Business owner's clerical error will cost Bellaire nearly $695,000 in sales tax revenue

City of Bellaire will need to return nearly $695,000 in sales tax revenue to the office of the Texas Comptroller of Public Accounts because of a clerical error made by one of its sales tax payees. (Alex Hosey/Community Impact Newspaper)
City of Bellaire will need to return nearly $695,000 in sales tax revenue to the office of the Texas Comptroller of Public Accounts because of a clerical error made by one of its sales tax payees. (Alex Hosey/Community Impact Newspaper)

City of Bellaire will need to return nearly $695,000 in sales tax revenue to the office of the Texas Comptroller of Public Accounts because of a clerical error made by one of its sales tax payees. (Alex Hosey/Community Impact Newspaper)

The City of Bellaire will need to return nearly $695,000 in sales tax revenue to the office of the Texas Comptroller of Public Accounts, according to city manager Paul Hofmann in an update to the city council on May 18.

The overpayment was caused when an address on a sales tax permit that was originally registered in Bellaire was never changed over to a city of Houston address when the owner of the permit moved, the Comptroller’s Office said. The Comptroller’s Office, as a result, was sending sales tax revenue to the wrong city for the last four years.

A 6.25% sales tax is imposed on the retail sale, lease, and rental of most goods and many services. Sellers are responsible for collecting sales tax from their customers and remitting that to the Comptroller’s Office, according to its website. Then, on a monthly basis, the city of Bellaire receives remittances and reports on those remittances from the Comptroller’s Office, Hofmann said.

“To a casual observer, it might look like the city did something wrong, but in fact I think it’s very clear the city did nothing wrong in this case,” Bellaire city council member Nathan Wesely said during the May 18 meeting.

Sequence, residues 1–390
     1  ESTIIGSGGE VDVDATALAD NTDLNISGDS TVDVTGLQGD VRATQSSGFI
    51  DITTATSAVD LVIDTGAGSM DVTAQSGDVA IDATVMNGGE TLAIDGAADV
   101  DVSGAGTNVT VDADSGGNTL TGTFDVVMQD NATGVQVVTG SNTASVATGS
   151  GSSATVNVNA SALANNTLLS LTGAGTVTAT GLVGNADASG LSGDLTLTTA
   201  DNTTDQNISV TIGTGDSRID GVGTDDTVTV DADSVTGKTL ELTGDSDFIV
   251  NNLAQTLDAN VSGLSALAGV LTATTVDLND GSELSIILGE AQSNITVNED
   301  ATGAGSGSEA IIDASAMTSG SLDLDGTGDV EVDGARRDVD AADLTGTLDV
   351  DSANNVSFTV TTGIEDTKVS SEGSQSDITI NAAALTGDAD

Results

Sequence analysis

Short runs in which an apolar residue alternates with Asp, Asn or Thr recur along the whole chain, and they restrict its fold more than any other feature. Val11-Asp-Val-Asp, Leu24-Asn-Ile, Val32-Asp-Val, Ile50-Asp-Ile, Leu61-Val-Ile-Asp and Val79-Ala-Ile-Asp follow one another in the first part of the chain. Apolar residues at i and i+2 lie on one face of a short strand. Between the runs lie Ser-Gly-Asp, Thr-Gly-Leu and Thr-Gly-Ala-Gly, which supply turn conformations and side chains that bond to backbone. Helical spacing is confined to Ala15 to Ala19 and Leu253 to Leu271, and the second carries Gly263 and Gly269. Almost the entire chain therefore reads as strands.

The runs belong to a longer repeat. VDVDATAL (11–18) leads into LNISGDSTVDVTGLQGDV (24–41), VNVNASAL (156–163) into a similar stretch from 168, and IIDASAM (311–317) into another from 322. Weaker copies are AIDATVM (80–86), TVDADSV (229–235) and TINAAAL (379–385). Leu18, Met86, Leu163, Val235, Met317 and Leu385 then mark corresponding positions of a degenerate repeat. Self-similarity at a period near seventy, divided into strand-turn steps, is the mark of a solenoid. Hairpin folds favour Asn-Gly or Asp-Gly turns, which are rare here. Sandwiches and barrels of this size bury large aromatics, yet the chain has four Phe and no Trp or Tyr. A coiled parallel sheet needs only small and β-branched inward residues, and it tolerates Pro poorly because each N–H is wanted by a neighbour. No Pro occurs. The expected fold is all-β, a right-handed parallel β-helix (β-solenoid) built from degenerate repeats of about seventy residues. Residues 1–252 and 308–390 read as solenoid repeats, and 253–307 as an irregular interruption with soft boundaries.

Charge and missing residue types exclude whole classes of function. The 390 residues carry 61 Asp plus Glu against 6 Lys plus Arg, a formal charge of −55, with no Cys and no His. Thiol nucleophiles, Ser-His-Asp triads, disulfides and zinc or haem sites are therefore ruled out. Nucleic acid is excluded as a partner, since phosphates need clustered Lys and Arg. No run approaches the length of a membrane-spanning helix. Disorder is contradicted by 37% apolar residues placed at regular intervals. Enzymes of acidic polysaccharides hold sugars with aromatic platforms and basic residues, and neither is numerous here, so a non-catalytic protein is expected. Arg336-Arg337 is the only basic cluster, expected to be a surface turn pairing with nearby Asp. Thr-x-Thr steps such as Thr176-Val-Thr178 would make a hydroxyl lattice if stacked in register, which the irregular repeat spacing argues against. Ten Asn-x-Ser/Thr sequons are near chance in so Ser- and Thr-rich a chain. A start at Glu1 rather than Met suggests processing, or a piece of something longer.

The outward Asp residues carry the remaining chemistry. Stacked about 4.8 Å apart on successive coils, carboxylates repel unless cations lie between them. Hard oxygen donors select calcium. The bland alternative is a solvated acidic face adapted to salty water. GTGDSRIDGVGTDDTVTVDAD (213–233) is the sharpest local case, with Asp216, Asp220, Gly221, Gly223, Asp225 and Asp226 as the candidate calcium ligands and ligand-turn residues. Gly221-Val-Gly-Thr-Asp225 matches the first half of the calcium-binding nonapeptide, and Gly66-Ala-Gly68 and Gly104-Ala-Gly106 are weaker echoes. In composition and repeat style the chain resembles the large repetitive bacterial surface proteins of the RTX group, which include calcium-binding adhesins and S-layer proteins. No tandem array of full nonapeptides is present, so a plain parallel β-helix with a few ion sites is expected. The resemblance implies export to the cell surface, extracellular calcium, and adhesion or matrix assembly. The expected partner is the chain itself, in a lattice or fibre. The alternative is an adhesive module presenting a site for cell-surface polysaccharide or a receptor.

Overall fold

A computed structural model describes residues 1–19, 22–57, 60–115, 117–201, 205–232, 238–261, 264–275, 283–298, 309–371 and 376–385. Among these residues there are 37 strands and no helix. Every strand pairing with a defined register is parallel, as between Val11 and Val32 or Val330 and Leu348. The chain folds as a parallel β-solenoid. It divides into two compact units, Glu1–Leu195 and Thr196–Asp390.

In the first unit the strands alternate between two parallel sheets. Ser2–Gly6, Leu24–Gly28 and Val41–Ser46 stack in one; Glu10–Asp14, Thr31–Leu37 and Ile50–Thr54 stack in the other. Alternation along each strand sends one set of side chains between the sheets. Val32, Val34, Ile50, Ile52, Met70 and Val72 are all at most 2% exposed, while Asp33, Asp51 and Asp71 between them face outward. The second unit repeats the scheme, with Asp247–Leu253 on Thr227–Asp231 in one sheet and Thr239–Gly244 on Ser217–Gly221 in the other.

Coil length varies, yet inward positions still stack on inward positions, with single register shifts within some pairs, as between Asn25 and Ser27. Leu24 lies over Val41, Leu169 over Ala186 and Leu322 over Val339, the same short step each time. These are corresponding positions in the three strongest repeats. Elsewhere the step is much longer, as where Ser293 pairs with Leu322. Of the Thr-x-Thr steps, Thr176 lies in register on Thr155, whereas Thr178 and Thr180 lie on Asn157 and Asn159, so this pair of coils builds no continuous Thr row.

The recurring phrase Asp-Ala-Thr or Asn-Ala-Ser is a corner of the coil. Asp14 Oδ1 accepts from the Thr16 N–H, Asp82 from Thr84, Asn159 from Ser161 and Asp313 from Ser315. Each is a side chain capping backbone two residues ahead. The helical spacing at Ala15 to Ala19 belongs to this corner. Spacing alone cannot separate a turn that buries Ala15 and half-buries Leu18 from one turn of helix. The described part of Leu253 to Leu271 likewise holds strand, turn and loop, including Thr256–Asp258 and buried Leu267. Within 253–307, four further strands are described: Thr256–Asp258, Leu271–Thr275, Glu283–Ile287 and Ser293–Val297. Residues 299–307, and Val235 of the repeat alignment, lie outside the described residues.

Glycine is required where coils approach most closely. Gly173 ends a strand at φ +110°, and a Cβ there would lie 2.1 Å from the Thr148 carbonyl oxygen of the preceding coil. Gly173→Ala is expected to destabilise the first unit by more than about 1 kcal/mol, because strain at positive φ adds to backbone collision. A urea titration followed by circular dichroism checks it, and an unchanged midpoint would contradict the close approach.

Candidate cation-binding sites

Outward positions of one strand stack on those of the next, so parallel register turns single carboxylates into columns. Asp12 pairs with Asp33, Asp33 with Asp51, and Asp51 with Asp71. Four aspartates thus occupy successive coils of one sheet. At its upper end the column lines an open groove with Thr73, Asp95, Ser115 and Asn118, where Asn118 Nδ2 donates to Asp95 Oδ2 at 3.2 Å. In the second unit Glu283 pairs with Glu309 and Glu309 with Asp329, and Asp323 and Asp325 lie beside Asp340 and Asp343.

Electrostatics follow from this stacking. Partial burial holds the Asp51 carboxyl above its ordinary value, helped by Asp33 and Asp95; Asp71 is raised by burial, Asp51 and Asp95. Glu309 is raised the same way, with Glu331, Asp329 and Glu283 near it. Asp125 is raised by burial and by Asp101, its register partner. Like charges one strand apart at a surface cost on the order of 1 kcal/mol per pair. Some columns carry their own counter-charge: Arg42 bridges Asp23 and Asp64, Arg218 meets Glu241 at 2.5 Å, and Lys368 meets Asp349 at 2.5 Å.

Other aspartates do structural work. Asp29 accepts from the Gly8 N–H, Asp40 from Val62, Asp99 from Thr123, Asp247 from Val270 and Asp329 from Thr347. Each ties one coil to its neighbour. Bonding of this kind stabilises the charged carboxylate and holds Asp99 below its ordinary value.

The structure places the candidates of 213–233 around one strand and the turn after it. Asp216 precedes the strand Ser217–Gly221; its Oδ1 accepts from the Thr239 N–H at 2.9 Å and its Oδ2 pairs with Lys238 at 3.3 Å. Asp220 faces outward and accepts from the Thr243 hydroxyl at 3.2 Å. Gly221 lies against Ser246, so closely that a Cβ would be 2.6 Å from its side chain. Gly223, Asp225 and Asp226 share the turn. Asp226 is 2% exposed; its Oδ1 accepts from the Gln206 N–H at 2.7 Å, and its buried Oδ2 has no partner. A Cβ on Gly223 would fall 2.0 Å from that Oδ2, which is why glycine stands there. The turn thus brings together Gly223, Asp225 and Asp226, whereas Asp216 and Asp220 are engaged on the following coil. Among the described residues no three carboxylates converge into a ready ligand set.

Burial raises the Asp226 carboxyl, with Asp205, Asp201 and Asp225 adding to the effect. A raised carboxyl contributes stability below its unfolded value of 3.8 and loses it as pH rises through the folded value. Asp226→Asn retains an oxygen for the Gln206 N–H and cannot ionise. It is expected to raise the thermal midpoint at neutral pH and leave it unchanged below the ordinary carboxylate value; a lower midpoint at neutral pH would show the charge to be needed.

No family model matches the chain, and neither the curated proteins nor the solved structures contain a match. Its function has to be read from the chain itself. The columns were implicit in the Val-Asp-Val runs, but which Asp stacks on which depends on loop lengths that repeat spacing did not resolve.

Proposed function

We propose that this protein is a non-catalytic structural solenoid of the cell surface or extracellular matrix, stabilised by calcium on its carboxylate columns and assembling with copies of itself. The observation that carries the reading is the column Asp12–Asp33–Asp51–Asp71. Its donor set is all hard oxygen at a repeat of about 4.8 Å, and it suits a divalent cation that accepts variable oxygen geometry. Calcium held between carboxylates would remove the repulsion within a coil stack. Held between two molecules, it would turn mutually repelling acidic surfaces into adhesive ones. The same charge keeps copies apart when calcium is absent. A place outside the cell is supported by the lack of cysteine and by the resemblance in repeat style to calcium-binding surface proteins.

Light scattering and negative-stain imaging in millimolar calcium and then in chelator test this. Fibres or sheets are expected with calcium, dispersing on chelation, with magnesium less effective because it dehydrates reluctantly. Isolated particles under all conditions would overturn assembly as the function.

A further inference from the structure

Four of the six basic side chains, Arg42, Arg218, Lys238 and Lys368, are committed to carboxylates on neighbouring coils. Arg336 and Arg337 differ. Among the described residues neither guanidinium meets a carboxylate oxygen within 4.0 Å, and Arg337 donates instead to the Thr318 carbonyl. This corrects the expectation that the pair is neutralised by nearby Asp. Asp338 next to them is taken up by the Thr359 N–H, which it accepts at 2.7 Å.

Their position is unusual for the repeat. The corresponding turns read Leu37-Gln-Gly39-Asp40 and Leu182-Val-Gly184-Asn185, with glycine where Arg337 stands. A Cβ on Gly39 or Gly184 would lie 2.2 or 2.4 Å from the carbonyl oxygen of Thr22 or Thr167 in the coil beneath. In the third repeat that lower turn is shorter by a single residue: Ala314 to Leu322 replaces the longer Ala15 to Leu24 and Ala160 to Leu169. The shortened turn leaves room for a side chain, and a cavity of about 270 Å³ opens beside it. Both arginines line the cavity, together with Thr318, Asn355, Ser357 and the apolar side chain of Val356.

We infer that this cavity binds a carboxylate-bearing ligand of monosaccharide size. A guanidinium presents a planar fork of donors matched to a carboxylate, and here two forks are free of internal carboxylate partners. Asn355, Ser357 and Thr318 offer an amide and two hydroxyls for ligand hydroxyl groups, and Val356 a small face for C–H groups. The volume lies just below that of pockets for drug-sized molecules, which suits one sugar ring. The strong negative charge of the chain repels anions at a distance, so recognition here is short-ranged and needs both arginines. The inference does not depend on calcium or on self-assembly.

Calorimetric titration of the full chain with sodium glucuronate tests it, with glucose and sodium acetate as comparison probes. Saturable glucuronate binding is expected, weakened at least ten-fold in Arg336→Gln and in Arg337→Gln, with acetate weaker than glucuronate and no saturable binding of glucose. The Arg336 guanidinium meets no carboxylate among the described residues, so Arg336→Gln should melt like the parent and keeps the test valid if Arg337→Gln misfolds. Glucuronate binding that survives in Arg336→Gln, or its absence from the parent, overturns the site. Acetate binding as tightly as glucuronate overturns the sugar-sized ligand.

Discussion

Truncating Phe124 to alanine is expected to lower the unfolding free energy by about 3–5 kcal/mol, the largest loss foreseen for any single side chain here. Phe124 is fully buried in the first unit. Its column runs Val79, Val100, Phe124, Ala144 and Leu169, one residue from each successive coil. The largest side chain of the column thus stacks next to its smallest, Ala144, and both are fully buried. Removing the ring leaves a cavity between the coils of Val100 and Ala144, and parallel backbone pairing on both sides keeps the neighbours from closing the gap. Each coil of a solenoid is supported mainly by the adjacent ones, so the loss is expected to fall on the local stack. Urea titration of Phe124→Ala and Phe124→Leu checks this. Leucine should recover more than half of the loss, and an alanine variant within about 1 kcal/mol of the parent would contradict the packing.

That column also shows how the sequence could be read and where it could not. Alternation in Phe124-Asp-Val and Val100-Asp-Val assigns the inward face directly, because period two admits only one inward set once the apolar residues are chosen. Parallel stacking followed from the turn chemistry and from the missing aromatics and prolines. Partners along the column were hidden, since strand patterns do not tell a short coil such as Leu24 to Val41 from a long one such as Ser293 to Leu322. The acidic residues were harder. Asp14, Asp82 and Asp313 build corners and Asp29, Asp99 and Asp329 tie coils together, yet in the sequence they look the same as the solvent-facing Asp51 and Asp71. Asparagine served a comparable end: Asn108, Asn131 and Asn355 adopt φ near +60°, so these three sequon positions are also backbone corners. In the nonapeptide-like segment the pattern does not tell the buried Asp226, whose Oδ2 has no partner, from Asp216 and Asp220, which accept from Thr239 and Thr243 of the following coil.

Information on who the seller is remains confidential, Hofmann said.


“Specific payers and specific amounts are considered confidential, and we don’t share that,” he said. “Businesses don’t want competitors to know their sales data and sales tax payments are considered a part of that.”

Bellaire has yet to receive official notification from the Comptroller’s Office about the repayment, which the city expects to receive within the next couple of months, Hofmann said.

The city discovered the error while formulating financial forecasts factoring in the financial impact caused by COVID-19.

“Our team was digging through the details of sales tax payments and looking for trends by different payee categories,” Hofmann said. “In doing so, we noticed a significant audit adjustment. That obviously caught our attention.”

Meanwhile, Bellaire has begun the process of exploring its available options on how to pay what it owes. According to Hofmann, the city will not need to start paying back the sales tax revenue in fiscal year 2020, which ends Sept. 30.

According to the Comptroller’s Office, similar types of errors to the one Bellaire is facing happen often.

Two options are available for Bellaire in paying back the revenue: a lump sum payment or a payment plan.

Though nothing formal has been formulated yet, Hofmann said his recommendation would be to spread out payments over a few years in order to lessen the short-term financial impact.
By Hunter Marrow
Hunter Marrow came to Community Impact Newspaper in January 2020. Before that, Hunter covered local news in Ontario, OR for three years, covering municipal issues, crime, and education across Malheur County and across the border into Idaho.